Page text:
Art therapists use art and human creativity to help individuals overcome psychological, social, and personal issues. If you have a passion for the arts and a desire to help others, an art therapy degree might be the perfect option.
This guide provides details about this counseling specialization and covers topics such as the history of art therapy, the differences between art therapy and general counseling, and common careers for art therapy graduates. The sections below detail how to become an art therapist and explore factors to consider when selecting an art therapy program.
What is Art Therapy?
- History of Art Therapy
The term "art therapy" was coined in the early 1900s by Adrian Hill, a British artist who used drawing to pass the time while recovering from tuberculosis. However, art therapy existed long before the 20th century. Paleolithic cave paintings depicting game animals helped inspire successful hunting efforts.
Art therapy developed into a professional discipline in the 20th century, when doctors, psychiatrists, and educators began to utilize art expression in their practice. Art therapy pioneers include John Levy, who was the first to use art therapy in child psychotherapy, and Margaret Naumburg, who believed spontaneous art expression carried inherent symbolic significance.
- Art Therapy Today
Today, art therapy is a widely used and well respected counseling technique that benefits diverse groups of people. Under the guidance of a trained art therapist, children, adolescents, and adults can use artistic expression to ease symptoms of anxiety and depression. Art therapy can also help patients cope with addictions or physical disabilities, as well as improve cognitive function, sensory and motor skills, self-esteem, and self-awareness.
Art therapy may involve drawing, painting, coloring, writing, photography, or sculpting, but art therapy requires no artistic talent. The purpose of art therapy is not to create pieces with artistic value, but to promote personal understanding.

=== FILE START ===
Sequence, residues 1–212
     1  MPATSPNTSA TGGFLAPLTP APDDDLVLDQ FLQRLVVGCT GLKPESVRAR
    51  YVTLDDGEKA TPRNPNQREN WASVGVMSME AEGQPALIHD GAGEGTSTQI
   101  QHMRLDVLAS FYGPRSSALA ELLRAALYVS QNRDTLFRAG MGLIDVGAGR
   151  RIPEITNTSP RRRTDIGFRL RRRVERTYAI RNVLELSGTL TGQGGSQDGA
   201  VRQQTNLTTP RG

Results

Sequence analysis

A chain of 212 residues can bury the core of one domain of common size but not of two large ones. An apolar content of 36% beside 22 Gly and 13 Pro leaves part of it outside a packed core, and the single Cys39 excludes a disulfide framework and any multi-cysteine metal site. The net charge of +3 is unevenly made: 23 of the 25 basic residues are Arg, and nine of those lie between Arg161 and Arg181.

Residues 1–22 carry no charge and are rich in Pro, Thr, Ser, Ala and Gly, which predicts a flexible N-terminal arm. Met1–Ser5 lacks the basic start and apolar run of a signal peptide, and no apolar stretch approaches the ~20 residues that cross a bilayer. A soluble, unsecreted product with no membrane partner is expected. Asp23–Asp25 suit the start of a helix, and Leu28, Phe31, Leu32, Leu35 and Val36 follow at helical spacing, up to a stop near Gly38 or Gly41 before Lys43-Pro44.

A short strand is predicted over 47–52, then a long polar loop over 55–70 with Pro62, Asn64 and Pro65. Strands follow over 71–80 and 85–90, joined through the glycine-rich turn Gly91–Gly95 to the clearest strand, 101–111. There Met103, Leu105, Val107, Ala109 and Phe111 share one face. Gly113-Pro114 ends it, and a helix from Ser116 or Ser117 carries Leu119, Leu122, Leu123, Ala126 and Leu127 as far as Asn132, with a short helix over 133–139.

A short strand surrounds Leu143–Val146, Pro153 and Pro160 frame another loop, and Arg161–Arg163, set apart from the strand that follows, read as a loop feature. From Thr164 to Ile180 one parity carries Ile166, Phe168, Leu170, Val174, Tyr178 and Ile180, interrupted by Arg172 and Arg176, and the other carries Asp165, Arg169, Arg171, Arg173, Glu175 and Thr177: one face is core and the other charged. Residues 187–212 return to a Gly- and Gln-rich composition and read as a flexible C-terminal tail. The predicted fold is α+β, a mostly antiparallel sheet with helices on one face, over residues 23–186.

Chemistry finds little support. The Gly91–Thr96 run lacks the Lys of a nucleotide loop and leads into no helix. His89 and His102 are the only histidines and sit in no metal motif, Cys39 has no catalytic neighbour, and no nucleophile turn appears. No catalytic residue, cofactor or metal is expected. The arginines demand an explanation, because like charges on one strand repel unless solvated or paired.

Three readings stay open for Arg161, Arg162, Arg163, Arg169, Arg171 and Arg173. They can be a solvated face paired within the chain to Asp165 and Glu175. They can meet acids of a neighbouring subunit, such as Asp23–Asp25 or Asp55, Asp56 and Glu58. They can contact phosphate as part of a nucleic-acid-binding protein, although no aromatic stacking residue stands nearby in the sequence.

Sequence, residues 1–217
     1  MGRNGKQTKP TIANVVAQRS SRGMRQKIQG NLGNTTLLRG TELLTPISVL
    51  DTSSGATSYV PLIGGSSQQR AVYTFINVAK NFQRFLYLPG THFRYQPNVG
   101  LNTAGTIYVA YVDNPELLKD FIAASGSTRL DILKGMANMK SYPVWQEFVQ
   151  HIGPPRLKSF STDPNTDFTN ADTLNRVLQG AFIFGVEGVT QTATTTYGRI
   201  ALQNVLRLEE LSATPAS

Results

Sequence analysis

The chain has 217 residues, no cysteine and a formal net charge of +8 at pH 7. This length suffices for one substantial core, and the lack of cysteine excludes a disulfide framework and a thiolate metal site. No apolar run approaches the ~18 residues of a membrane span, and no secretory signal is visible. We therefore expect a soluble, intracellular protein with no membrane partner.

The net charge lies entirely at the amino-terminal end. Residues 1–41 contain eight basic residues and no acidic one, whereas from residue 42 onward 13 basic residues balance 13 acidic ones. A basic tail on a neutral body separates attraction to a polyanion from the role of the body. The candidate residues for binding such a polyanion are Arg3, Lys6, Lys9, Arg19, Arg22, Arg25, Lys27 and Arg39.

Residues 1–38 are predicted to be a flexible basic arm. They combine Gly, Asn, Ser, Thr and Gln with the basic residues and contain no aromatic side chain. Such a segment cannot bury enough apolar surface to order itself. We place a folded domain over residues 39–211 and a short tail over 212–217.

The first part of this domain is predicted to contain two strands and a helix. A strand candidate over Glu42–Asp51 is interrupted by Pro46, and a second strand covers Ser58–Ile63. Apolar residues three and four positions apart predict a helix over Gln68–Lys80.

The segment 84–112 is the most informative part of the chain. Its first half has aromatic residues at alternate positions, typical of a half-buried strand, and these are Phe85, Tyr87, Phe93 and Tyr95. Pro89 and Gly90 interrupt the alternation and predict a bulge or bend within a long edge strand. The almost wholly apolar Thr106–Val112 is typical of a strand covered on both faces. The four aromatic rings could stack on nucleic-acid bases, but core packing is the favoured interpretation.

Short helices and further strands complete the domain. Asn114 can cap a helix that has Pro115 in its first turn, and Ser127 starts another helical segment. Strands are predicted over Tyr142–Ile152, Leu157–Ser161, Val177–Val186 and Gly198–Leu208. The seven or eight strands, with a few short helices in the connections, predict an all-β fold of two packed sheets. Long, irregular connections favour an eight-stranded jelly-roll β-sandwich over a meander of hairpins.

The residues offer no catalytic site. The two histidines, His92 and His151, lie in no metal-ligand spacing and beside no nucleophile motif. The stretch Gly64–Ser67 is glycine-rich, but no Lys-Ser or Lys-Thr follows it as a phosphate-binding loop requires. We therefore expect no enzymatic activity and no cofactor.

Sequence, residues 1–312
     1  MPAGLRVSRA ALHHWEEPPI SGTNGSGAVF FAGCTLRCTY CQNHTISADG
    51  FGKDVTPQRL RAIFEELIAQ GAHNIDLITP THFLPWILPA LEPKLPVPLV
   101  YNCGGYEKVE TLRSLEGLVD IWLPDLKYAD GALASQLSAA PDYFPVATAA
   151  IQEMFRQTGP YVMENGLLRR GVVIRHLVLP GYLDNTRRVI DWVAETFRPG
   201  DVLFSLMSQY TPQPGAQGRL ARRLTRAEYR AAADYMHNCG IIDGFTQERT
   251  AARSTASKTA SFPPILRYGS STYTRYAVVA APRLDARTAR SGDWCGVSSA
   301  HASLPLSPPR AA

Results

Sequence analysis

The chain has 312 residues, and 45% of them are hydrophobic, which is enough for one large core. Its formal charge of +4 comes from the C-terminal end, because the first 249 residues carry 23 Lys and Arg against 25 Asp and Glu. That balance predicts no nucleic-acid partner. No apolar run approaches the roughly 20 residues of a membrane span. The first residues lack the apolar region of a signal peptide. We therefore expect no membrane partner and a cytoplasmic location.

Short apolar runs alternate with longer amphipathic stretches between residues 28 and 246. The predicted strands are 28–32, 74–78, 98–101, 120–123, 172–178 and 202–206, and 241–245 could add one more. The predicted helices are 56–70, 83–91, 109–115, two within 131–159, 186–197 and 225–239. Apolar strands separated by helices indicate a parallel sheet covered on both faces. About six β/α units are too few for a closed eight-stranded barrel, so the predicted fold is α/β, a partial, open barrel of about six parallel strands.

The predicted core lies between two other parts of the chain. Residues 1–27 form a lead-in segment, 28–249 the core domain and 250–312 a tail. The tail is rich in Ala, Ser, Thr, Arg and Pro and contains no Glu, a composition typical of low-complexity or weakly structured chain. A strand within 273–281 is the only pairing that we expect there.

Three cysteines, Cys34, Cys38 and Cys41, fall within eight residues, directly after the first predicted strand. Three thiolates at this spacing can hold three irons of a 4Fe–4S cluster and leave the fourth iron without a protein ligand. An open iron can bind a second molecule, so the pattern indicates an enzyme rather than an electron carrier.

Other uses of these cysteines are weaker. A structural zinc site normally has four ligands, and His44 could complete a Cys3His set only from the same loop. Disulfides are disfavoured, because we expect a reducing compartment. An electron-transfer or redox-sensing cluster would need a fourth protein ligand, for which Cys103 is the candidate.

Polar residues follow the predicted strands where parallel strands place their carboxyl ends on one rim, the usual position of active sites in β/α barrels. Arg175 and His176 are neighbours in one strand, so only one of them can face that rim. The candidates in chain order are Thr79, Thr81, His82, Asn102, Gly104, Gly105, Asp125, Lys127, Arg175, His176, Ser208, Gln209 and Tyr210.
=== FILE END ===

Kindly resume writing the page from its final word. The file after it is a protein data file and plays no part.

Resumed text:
Differences Between an Art Therapy Program and a General Counseling or Therapy Program
Graduate degrees in both art therapy and general counseling fulfill most states' minimum education requirements for entry-level clinical positions. Some schools offer art therapy master's degrees as standalone programs, while others offer art therapy as a concentration within a general counseling program.
Both art therapy and general counseling programs encourage self-examination and analysis for the benefit of clients. Students in both disciplines work toward similar learning outcomes. The key difference between these programs lies in the practical application of skills and knowledge.
While general counseling curricula primarily focus on traditional methodologies, such as cognitive and behavioral therapies, art therapy programs explore how the creative process can help individuals grow, understand their emotions, and work through issues. Art therapy focuses largely on client introspection and the inner experience.
General counseling and art therapy students generally take some similar courses, especially in programs that offer art therapy as a counseling concentration. However, the art therapy discipline requires specific skills and knowledge beyond general counseling topics. For example, art therapy degree programs often require studio art courses, during which students gain knowledge of artistic concepts and experience with various mediums and techniques.
Below are common courses for each program type. These lists are not comprehensive, and curriculum requirements vary by school.
General Counseling or Therapy Program
- Counseling and psychotherapy theories
- Techniques in counseling
- Ethics in counseling
- Multicultural counseling
- Evaluation and assessment
- Research and statistics
- Group counseling
Art Therapy Program
- History and theory of art therapy
- Art therapy treatment models
- Ethics in art therapy
- Art psychotherapy
- Studio art
What Can You Do With an Art Therapy Degree?
Art therapists provide counseling services and support to individuals facing emotional, mental, or physical issues. These professionals facilitate creative activity and expression through various art mediums. These techniques help clients explore difficult emotions, improve function and behavior, and gain relief from anxiety or stress.
An art therapist's specific duties depends on their work setting. For example, professionals employed in schools primarily use art therapy techniques to improve the cognitive function and motor skills of children. Art therapists who work a psychiatric facility, however, may help clients overcome trauma and mental illness.
What Conditions Can Art Therapy Treat?
Art therapists can serve a diverse client base of adults and children dealing with a variety of issues. Professionals commonly use art therapy to treat conditions including: